Lanexa fire station effort aided by county
An effort to build a fire/rescue station in the Lanexa area of New Kent County is moving forward thanks to donations. And now the county’s Board of Supervisors has kicked in some money to assist with the endeavor.
Supervisors voted during their March 8 meeting to appropriate $18,000 from the county’s capital fund balance and transfer $6,238 from the county’s general fund contingency account to help with construction and operation of Fire Station 4.
Fire Chief Tommy Hicks said the $18,000 is earmarked for staffing resources, equipment, and computer technology at the new station while the lesser amount goes toward operating costs from now until the end of the year.
Hicks, meanwhile, is conducting negotiations on a lease for the fire station’s temporary home — a half-acre lot on the north side of Route 60, next door to Jerry’s Auto Repair. That lease could be ready for supervisors’ approval during the board’s March 31 work session.
If all matters proceed on schedule, an ambulance and EMS technicians could be on site by mid-April and a fire truck stationed there by July 1, Hicks said.
Five new volunteers have stepped forward to help man the station, Hicks said, adding, “I think things are really looking good for us.”
Hicks told supervisors the New Kent County Citizens Coalition, homeowners associations in The Colonies and Chickahominy Shores, and Lanexa businesses with the assist of county fire/rescue and New Kent’s Economic Development Authority are spearheading a drive to raise the estimated $50,000 needed to build and outfit the station.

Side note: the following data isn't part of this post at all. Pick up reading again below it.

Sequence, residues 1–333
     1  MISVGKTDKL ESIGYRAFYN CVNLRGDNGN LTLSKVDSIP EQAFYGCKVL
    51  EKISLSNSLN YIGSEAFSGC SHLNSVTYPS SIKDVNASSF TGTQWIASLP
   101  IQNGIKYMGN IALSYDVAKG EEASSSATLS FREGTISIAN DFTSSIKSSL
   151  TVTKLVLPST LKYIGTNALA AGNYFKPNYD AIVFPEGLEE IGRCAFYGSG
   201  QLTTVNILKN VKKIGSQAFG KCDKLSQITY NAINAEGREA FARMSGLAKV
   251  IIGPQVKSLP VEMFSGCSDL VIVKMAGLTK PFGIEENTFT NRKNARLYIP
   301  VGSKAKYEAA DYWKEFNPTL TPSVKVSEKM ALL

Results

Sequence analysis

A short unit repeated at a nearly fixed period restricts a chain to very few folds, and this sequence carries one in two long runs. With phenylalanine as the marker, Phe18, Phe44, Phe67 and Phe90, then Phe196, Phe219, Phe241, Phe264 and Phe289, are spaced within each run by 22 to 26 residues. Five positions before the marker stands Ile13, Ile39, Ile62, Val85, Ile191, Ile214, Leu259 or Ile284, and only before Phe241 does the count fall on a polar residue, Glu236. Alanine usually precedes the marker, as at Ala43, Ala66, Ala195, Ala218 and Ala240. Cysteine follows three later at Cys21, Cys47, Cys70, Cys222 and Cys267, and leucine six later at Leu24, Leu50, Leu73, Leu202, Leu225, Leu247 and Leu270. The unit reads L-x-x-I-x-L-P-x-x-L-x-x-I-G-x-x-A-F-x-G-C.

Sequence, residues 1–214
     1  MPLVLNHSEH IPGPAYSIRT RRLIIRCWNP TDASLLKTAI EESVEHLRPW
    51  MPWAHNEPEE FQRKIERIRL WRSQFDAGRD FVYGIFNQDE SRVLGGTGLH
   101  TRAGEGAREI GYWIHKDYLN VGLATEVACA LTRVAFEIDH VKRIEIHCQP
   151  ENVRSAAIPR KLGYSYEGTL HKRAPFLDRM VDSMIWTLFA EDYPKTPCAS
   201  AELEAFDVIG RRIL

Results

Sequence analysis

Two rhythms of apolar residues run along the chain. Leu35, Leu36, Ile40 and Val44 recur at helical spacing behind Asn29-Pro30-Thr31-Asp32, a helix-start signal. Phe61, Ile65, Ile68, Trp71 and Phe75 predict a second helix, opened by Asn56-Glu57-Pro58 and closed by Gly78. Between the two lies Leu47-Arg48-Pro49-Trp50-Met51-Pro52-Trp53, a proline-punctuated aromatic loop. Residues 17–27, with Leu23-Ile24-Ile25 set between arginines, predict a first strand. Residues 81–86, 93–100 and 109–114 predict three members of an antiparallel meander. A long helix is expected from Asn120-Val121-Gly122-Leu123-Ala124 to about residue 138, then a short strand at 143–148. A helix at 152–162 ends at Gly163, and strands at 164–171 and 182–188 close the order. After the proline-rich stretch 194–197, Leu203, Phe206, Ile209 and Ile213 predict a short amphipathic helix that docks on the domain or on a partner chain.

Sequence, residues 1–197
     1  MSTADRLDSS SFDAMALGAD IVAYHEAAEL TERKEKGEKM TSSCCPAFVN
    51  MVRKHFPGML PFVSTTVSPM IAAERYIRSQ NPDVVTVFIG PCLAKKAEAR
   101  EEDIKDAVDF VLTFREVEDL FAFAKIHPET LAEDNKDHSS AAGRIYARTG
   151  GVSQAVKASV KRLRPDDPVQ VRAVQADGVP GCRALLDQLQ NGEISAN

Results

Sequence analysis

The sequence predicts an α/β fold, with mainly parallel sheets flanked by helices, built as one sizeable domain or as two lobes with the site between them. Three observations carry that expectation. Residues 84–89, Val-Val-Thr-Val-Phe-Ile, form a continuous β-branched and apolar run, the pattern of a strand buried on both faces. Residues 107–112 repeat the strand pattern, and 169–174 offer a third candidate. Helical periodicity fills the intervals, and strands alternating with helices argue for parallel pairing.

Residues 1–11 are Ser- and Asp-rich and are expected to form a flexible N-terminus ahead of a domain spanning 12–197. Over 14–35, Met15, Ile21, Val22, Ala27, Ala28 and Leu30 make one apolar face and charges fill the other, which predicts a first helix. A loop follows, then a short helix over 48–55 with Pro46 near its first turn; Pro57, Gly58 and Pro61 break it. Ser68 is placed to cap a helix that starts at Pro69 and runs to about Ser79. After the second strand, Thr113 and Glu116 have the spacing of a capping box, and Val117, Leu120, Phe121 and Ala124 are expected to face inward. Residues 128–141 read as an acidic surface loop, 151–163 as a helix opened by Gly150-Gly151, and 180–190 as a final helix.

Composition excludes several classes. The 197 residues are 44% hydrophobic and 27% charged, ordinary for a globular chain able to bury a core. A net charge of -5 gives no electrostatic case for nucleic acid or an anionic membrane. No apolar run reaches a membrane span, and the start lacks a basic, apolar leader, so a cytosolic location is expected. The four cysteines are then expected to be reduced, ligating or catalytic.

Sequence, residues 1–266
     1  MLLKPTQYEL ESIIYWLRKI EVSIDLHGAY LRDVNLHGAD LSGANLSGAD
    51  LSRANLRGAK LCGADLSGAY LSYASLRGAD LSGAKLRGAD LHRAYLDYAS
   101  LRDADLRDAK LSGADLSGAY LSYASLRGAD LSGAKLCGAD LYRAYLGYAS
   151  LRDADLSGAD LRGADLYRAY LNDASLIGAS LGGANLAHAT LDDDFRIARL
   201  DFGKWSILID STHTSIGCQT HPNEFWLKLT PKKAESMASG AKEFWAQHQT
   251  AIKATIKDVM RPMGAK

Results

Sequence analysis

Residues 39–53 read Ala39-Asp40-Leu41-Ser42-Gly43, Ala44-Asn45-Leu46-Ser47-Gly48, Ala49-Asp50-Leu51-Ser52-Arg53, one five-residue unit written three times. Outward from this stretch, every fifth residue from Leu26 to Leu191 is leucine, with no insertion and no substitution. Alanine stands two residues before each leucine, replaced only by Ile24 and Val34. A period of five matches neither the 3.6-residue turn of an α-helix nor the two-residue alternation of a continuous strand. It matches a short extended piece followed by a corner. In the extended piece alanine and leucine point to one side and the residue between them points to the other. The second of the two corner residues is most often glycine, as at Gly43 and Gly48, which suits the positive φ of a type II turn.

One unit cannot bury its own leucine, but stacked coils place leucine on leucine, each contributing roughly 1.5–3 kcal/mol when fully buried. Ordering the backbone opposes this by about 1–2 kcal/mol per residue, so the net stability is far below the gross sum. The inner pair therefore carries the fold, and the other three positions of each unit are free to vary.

So far, $18,000 has been contributed and more than $15,000 of in-kind donations such as materials and labor have been received. A hot dog social a few weeks back raised $4,000 and last Sunday, a Brunswick stew sale added $3,000 to the total. More money-raising activities, including an auction and a golf tournament, are planned.
About $11,000 will be needed, Hicks said, to purchase a 40×50-foot metal building to house a fire truck and ambulance. An existing house on the site is slated for use as a base for fire/EMS workers.
Back in October when the effort began to steamroll, some discussion surfaced on creating a special tax district in Lanexa to help foot the bill. County officials now say that option is off the table.
Hicks said 1,135 addresses fall into the Station 4 coverage area. Annually, more than 450 calls for fire/rescue service originate in the area. For now, response must come from stations in New Kent and James City County that are located at least eight miles away.
Having a station in Lanexa, Hicks said, could result in $258,000 in yearly savings on insurance premiums for those 1,135 addresses. That translates into about $189-$328 per household.
The lease, meanwhile, is expected to cover the next three years with option to renew for another two years. By then, county officials will be aiming at a permanent station site that will require 3.5-4 acres.